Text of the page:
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NYC Helpline: How To: Work with Students' Families
 
Report Card Resources
Report Card Comments How to Complete Report Card Comments
Writing Report Cards Report Card Comments Samples
Report Cards for Middle School
Completing End of Term Procedures

How to Complete Report Card Comments  Allison Demas

It’s that time of year again. The leaves are changing color, the air is crisp and report cards are due. Before you begin to rate your students you should step back for a minute. You need to know the benchmarks (year-end, mid-year, and quarterly) for your grade and then evaluate your students in relation to those benchmarks. Make sure that you are absolutely objective.

It is advisable to keep a portfolio / file on each student. It should contain samples of work from each area of instruction. You must be able to support any grade you give - good or bad.

Before you put pen to paper you need to make sure that you truly know your students. Also, put yourself in the parent’s place. How would you, the parent, react to what you, the teacher, are writing?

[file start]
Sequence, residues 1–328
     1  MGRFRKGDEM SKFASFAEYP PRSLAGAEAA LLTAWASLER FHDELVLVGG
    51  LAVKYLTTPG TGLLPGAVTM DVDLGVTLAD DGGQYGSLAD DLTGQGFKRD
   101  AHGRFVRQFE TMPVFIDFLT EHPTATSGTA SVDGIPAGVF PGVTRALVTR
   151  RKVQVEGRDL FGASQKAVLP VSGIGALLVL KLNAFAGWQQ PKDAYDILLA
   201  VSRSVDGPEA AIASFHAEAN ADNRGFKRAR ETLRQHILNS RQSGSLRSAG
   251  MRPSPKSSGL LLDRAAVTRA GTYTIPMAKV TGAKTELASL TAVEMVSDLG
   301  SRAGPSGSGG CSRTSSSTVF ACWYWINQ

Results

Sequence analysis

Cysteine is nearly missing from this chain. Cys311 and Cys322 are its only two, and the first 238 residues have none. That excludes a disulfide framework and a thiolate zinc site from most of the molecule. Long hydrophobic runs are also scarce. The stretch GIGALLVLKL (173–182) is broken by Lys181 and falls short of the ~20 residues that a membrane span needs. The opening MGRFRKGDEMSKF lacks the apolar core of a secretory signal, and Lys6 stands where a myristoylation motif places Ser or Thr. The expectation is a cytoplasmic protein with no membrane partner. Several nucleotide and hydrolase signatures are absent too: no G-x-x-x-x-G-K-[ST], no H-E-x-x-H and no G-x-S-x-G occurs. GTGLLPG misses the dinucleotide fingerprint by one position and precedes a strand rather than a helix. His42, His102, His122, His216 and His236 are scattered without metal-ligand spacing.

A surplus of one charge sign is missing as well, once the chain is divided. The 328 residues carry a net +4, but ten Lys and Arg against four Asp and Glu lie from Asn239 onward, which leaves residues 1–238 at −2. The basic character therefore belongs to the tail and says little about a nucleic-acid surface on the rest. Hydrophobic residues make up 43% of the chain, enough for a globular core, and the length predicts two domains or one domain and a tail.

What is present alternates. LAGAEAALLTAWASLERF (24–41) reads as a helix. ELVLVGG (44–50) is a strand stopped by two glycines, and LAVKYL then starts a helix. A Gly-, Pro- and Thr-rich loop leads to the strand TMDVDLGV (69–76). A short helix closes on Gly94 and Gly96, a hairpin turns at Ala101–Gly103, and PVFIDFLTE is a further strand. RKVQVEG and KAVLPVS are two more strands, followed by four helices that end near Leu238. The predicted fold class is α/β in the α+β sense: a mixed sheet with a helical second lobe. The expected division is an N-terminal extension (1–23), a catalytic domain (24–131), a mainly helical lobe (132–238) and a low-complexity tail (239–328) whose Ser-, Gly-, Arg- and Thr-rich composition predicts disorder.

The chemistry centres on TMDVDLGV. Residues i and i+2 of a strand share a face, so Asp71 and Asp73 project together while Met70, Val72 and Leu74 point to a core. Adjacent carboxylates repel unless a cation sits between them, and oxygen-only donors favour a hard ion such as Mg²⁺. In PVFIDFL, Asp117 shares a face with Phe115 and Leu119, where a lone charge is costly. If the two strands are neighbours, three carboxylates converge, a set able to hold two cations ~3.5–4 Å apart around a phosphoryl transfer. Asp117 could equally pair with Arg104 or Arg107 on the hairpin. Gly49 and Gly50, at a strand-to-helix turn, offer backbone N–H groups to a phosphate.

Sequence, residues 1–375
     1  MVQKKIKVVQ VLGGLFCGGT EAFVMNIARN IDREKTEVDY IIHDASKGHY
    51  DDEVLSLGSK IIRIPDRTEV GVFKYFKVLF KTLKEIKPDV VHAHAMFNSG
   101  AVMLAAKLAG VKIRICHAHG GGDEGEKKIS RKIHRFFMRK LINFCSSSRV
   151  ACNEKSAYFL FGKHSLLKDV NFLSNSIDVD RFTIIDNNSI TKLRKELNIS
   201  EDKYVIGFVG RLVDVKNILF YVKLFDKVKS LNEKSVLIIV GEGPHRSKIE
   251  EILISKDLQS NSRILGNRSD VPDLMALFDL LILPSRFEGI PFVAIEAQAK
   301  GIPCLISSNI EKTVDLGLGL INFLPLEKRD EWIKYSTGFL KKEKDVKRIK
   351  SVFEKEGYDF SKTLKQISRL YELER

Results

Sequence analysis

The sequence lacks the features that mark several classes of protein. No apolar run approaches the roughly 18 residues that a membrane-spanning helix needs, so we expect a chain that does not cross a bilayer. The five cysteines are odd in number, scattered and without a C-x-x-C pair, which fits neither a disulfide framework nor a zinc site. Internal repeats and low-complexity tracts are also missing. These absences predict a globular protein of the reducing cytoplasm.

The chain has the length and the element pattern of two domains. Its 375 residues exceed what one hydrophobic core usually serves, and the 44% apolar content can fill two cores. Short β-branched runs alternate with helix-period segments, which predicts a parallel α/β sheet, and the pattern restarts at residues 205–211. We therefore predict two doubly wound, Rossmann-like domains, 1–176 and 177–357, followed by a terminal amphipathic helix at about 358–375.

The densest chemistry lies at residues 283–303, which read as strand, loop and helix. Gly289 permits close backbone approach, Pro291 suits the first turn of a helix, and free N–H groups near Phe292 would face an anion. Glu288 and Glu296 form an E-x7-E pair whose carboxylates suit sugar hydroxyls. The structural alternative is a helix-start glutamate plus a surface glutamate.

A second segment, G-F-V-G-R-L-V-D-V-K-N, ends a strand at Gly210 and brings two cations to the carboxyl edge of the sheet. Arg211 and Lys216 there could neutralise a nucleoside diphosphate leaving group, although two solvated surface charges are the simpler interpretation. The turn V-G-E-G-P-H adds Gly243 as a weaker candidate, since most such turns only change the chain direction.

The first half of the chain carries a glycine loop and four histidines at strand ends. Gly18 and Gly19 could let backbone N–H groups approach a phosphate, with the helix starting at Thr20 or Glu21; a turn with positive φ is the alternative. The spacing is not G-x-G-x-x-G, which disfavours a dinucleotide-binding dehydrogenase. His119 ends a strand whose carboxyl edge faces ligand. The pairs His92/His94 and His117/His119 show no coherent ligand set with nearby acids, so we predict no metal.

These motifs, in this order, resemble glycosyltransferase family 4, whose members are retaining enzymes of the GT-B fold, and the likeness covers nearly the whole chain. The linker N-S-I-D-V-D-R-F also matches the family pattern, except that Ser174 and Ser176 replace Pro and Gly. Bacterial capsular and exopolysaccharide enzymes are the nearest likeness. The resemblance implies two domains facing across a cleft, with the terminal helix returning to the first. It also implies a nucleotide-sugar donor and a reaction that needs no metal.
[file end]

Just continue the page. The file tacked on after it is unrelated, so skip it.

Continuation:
Now comes the fun part: the comments. First, avoid subjective remarks such as “nice” or “sweet.” Focus on the student’s actions and work product - not on your reaction to the student’s personality. You should generally try to begin with a positive statement about each student - even if the next comment isn’t positive. Remember, report card distribution is generally followed by a parental visit. There is no reason to unnecessarily antagonize a parent. Even if the truth is ugly it can be put in a pretty package.

Click here for sample comments. These are not meant to be remarks which you cut from this article and paste on report cards. They are meant to provide guidance for you as you write your own comments. You need to make them your own.

If you are having difficulty writing remarks for a particular student then write them on a separate piece of paper and have a co-worker or supervisor read them. I usually write them on a post-it note and attach it to the student’s report card. Then I place that report card on the top of my class set when I submit them to my supervisor for review. I am lucky enough to have a supervisor who is an excellent proof-reader (I am not) and is able to detect “the tone” of the written word. If you are not fortunate to have such a supervisor, then I suggest you find a co-worker who can assist you.

 

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